It's the storyline where things start to fall apart. I realize that when you're talking about the Three Stooges, you're probably not going to have a heavy-duty story that takes home an Oscar for best screenplay. I'm guessing they wanted moviegoers to focus on the physical stunts rather than the story, which revolves around the Stooges heading to the big city to raise enough money to save their childhood orphanage.

Things go south when they get involved in a murder plot and Moe lands a role on the reality show Jersey Shore. Whether that plot is designed to peg Snooki, The Situation and the rest of the gang as stooges, I have no idea. You make the call.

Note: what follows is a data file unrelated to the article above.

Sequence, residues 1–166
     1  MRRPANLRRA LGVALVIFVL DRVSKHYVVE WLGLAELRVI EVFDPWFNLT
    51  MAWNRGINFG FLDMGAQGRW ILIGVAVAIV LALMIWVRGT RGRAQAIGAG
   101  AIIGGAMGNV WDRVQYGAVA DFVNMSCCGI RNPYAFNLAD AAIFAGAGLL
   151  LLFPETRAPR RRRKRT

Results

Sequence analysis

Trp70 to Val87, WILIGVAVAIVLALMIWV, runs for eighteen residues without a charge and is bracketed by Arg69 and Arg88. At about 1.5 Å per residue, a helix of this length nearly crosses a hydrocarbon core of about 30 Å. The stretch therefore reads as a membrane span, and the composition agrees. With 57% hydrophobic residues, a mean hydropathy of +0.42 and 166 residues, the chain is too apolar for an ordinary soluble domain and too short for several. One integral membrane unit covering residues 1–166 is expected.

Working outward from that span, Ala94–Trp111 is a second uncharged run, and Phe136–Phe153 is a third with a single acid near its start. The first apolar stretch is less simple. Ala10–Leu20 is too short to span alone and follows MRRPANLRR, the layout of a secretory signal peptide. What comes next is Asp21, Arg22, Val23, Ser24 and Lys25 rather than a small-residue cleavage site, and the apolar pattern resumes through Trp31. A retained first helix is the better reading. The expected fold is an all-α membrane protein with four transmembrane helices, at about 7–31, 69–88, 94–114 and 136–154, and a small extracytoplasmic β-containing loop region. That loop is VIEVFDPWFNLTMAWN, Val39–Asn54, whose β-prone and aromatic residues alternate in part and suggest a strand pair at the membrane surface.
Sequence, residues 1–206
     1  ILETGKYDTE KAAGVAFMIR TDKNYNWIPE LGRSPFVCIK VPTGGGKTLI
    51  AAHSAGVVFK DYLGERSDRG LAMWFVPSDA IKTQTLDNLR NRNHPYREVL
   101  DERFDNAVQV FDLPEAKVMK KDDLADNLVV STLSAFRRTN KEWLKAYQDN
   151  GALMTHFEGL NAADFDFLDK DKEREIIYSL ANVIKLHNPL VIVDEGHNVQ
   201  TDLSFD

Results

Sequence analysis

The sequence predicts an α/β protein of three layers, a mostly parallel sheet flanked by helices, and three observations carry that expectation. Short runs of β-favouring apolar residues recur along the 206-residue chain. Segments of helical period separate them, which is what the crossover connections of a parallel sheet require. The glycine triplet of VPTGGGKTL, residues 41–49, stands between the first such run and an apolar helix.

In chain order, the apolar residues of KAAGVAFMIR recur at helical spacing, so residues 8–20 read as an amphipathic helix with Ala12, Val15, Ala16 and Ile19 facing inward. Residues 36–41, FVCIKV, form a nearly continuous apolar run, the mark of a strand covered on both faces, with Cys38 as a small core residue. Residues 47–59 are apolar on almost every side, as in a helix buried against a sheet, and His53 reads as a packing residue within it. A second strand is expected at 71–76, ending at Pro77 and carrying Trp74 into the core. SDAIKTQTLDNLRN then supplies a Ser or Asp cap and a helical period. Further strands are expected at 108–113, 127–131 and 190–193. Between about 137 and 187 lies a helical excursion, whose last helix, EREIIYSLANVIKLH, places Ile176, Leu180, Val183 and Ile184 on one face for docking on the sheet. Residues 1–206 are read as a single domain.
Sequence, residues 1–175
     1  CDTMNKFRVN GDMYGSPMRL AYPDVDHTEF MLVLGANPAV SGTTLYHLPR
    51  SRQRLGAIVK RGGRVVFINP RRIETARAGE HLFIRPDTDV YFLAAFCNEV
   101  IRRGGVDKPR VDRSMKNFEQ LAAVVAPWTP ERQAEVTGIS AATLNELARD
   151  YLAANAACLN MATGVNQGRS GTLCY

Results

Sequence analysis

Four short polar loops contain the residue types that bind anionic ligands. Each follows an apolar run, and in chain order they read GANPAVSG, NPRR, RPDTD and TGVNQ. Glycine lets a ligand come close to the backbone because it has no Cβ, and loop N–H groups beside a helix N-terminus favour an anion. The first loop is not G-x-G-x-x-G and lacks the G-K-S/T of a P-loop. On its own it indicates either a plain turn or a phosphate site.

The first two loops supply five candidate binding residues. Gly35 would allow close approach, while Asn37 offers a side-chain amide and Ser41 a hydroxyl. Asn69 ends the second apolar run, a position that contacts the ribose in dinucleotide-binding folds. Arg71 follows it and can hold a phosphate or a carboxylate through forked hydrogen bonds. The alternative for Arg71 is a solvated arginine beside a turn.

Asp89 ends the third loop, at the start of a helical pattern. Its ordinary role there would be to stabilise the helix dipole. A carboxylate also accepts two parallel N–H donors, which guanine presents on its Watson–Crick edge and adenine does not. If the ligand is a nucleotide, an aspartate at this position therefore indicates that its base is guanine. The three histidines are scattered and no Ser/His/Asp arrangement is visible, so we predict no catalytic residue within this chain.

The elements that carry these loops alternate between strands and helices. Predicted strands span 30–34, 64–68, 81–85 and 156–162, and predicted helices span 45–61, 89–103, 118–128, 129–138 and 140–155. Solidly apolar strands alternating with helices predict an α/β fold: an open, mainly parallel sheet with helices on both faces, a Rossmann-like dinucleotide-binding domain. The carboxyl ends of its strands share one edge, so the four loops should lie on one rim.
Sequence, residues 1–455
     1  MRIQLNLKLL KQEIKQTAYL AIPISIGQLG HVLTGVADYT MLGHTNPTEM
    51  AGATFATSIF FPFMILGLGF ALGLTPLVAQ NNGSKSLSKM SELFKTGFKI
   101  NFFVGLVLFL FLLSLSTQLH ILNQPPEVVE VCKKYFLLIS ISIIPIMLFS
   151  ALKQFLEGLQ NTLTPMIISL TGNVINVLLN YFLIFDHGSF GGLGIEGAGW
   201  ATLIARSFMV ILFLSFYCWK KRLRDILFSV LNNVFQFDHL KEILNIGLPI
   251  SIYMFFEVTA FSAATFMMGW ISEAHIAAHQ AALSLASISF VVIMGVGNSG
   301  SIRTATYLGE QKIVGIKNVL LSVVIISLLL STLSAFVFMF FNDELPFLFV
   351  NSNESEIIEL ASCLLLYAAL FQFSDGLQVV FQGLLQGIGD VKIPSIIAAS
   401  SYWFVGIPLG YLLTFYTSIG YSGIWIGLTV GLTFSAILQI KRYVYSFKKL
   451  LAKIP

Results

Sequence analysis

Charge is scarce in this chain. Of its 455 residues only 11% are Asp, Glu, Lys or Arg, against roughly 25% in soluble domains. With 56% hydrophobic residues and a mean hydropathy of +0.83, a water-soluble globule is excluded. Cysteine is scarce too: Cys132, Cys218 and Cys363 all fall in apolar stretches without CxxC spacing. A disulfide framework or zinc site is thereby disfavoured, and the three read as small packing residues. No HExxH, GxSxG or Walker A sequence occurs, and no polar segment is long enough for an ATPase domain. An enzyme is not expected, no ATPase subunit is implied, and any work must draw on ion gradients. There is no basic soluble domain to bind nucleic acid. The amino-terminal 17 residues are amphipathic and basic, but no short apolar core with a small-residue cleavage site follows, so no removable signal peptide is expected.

This movie also got me thinking about whether Stooges humor works in our modern world. My feeling is that a chainsaw to the head and someone getting run over by a bus doesn't play as well in 2012 as it did in 1935. A recent Twitter discussion with a friend delved into whether movies like this should include a disclaimer. In fact, this one does. At the end of the movie, studly guys Antonio Sabato, Jr. and Justin Lopez appear with a don't-try-this-at-home-kids message, complete with spongy hammers and break-away props. The fact that they're portraying directors Bobby Farrelly and Peter Farrelly is perfect.

I guess The Three Stooges qualifies as a family movie (though I was surprised when I first heard it was rated PG). Their goal of saving the orphanage is virtuous, and when Moe is adopted as a kid, he tries to bring Larry and Curly along with him.